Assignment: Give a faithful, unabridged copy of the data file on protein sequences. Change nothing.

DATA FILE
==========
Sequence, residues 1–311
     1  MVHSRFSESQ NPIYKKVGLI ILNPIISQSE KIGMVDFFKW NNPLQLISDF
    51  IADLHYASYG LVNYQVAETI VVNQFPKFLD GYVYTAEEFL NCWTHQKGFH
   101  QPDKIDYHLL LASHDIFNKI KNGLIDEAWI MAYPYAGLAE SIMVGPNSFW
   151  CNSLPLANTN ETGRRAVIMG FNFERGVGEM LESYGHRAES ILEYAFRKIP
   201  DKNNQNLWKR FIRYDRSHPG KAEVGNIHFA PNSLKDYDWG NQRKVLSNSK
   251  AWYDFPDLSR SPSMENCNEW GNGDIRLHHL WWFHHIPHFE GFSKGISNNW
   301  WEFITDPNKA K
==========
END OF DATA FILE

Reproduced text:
Sequence, residues 1–311
     1  MVHSRFSESQ NPIYKKVGLI ILNPIISQSE KIGMVDFFKW NNPLQLISDF
    51  IADLHYASYG LVNYQVAETI VVNQFPKFLD GYVYTAEEFL NCWTHQKGFH
   101  QPDKIDYHLL LASHDIFNKI KNGLIDEAWI MAYPYAGLAE SIMVGPNSFW
   151  CNSLPLANTN ETGRRAVIMG FNFERGVGEM LESYGHRAES ILEYAFRKIP
   201  DKNNQNLWKR FIRYDRSHPG KAEVGNIHFA PNSLKDYDWG NQRKVLSNSK
   251  AWYDFPDLSR SPSMENCNEW GNGDIRLHHL WWFHHIPHFE GFSKGISNNW
   301  WEFITDPNKA K